You may not have heard of Salient Arms, but its cutting-edge weapons are designed for harsh use, reliability and top speed. In the upcoming July 2014 issue of TACTICAL WEAPONS, author Roger Stevenson goes behind the scenes at Salient Arms to test some of its wares.

Stevenson writes, “The first product that I was able to get my hands on was the advanced prototype of Salient’s own pistol. Not completely happy with the platforms that the company works on, Salient has partnered with some firearms industry manufacturers and has designed its own pistol. The pistol is a polymer-framed platform that uses Glock internal components and Glock slides and slide components. But don’t mistake this for some crude drop-in kit. The frame is the most comfortable polymer frame that I’ve ever held, filling my hand perfectly and allowing for a low bore axis while still using ubiquitous G17 magazines. It has an ingenious backstrap system and will be available with four different-sized brass or polymer inserts to change the balance of the pistol for those who desire that level of performance and customization.

“Adrian Chavez, the co-owner of Salient, was not at liberty to discuss the polymer composition of the frame, but stated that it was even more durable than the Glock OEM material. As an added bonus to an already great-feeling package, Adrian also told me that this pistol would work in most Glock holsters. I un-holstered my everyday-carry G19 from my DeSantis Intruder, and the Salient pistol fit perfectly while disappearing into my waistband…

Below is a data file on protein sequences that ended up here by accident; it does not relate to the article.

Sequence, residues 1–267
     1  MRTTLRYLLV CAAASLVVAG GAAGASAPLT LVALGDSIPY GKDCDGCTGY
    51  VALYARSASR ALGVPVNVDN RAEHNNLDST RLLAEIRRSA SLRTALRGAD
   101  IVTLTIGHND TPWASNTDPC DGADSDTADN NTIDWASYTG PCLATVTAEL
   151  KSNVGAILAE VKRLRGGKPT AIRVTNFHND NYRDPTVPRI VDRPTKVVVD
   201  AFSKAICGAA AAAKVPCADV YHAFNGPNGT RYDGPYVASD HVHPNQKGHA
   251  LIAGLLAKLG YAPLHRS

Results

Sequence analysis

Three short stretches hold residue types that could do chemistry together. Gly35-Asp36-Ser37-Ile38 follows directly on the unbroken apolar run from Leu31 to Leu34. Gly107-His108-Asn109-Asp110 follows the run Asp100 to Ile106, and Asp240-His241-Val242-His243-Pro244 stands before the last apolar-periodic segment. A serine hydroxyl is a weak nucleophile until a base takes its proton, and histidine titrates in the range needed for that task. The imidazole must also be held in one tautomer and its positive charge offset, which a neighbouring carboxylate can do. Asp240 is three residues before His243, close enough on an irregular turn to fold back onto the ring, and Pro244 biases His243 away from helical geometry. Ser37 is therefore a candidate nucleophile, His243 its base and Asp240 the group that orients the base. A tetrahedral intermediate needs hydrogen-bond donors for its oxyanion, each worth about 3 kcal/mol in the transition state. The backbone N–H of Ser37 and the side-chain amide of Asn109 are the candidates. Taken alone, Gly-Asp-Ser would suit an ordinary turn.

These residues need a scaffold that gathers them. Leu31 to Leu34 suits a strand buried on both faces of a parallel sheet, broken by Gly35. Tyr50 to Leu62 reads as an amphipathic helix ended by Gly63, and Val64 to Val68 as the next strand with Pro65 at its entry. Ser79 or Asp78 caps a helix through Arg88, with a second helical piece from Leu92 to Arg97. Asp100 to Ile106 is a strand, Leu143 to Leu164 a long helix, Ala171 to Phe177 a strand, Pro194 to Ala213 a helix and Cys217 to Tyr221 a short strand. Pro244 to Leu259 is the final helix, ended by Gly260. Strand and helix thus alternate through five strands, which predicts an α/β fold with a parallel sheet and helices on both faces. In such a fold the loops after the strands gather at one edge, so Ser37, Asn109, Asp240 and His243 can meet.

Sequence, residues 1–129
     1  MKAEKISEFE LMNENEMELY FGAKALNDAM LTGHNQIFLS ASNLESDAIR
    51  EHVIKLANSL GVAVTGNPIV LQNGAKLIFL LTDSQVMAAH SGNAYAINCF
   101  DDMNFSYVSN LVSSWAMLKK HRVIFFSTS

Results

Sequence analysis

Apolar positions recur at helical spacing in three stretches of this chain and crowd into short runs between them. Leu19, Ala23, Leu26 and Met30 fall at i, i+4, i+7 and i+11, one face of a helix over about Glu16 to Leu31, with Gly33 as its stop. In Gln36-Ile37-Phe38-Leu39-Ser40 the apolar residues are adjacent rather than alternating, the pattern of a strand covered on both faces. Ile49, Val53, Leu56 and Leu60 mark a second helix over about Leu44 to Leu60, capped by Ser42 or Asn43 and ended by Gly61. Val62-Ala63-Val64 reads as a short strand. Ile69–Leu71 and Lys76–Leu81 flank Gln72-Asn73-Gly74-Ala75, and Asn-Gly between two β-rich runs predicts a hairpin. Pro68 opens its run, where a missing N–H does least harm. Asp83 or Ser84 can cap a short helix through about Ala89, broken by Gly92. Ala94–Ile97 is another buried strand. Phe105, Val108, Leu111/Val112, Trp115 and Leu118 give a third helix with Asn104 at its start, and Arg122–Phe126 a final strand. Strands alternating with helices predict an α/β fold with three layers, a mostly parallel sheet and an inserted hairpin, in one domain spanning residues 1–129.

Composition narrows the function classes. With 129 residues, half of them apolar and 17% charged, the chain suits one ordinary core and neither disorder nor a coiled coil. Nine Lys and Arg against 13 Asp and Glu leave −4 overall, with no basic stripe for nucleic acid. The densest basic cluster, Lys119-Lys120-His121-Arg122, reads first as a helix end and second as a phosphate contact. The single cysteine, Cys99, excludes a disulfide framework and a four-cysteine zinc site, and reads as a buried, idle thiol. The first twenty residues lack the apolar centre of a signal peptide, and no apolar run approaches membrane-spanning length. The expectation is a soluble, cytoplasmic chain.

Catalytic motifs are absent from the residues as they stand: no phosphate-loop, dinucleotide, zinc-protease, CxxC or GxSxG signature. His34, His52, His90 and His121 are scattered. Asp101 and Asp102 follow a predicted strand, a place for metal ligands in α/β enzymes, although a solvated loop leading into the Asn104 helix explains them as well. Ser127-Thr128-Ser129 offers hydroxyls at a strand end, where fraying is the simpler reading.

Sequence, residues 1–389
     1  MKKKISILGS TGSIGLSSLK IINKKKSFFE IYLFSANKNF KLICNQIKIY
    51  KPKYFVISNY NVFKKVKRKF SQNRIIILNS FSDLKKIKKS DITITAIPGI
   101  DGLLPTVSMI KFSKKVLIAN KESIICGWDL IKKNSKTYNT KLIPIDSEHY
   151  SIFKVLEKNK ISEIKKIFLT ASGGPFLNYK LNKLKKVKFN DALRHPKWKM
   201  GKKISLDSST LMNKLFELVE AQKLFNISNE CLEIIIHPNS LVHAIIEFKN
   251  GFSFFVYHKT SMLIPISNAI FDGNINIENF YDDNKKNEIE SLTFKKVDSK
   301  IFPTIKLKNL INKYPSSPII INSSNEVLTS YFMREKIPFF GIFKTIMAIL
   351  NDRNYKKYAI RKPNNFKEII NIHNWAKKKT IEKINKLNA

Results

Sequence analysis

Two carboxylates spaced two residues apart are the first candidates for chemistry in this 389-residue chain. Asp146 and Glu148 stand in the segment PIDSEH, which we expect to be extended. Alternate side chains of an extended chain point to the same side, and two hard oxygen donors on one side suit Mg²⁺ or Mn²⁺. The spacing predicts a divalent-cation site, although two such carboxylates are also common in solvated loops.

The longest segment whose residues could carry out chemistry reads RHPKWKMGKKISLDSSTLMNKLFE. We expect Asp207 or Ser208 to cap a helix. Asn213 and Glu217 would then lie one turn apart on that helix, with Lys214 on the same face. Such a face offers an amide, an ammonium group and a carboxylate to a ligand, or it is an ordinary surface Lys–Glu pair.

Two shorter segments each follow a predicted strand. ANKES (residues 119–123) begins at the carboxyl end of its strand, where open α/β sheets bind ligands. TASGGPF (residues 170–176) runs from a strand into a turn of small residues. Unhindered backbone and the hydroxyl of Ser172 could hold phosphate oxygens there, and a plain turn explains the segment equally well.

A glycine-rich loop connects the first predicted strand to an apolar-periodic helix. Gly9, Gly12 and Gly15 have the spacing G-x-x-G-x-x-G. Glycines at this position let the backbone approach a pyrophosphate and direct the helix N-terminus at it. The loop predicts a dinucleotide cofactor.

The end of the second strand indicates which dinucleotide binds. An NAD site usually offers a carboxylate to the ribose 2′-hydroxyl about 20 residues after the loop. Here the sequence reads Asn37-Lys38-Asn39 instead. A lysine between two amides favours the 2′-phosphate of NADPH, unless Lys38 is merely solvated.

“The next Salient project that I had the opportunity to check out was the new Salient AR-15 that uses War Sport’s LVOA (Low Visibility Operational Application) rail system and muzzle brake. Before I go back to talk about the LVOA system and the fact that Salient is the first company to get a 12-inch gas system to reliably run with a 14.5-inch barrel (16 inches overall with the permanently attached compensator), I want to talk about the level of detail and craftsmanship I found when breaking down and inspecting the carbine. When I chamber-checked the carbine to ensure its condition, I was struck by how smooth it felt as I drew the bolt rearward via the charging handle.”

To learn more, check out the July 2014 issue of TACTICAL WEAPONS, available on newsstands and digitally May 20, 2014. To subscribe, go to

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